The coastal reserve above the Anglesea Surf Club has undergone a remarkable environmental transformation, thanks to a five-year project carried out by students and volunteers.
Year nine students from St Bernard’s College and Anglesea Coast Action (ACA) volunteers have spent more than 700 hours restoring the heathland back to its natural state. Students and volunteers met regularly at the site to remove the weeds with loppers and saws.
Why did this site need attention?
The site’s Indigenous vegetation was damaged during the 1983 Ash Wednesday bushfires and struggled to recover due to the quick regrowth of weeds.
Carl Rayner, secretary of ACA, said only small amounts of biodiversity remained in the reserve when the project began.
“The area has gone from a weed-infested coastal reserve with half a dozen species to a thriving heathland, which is now home to over 110 species of Indigenous plants,” he said.
“The result is amazing and I have never seen a transformation quite like it before.”
Vice president of Anglesea and Aireys Inlet Society for the protection of Flora and Fauna (ANGAIR), Neil Tucker, said the weeding work meant smothered native vegetation was able to germinate again and grow naturally.
“A wonderful variety of native plants have bloomed in the area including orchids, which no one knew were there,” he said.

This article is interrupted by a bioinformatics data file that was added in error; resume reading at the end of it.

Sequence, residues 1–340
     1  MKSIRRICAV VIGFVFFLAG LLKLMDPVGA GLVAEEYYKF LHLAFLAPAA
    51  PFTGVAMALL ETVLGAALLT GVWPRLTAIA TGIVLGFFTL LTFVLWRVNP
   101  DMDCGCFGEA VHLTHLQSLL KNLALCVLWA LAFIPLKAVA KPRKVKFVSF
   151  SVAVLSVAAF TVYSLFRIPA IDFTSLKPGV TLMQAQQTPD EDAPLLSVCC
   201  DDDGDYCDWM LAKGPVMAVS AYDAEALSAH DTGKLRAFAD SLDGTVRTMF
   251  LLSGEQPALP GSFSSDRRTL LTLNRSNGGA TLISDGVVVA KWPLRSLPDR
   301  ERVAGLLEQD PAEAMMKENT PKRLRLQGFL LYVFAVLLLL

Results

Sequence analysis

How do St Bernard’s students give back to the environment?
St Bernard’s campus director, Mark Smith, said the program taught the students about the need for everyone to take responsibility for the protection and preservation of the natural environment.
“We wanted them to contribute to an ongoing community project that fitted with our theme of environmental awareness – and the project was a perfect fit,” he said.
“The students are all from the city and spend four weeks at the school’s Santa Monica Campus each year. The students have benefited by gaining a better understanding of the coastal environment, especially in terms of learning about what plants are Indigenous and why it is advisable to plant them – and how invasive species have affected the coast and dunes.”
What other benefits have emerged from the project?
Mr Rayner said plenty of positive feedback had been received about the restored site.
“The view from the nearby lookout is magnificent and people have said to me that it’s now arguably one of the best views along the Great Ocean Road.”
The project was made possible through Great Ocean Road Coast Committee, ACA and ANGAIR funding.
Have you seen the coastal reserve above the Anglesea Surf Club recently?
Tell us what you think of the transformation!
Want to get involved in GORCC’s Environmental Education Program for schools? Click here for more information.
Interested in protecting and preserving the coast? Find out more about environmental volunteering on the coast here.
Check out what other local schools have done lately to protect our beautiful coast.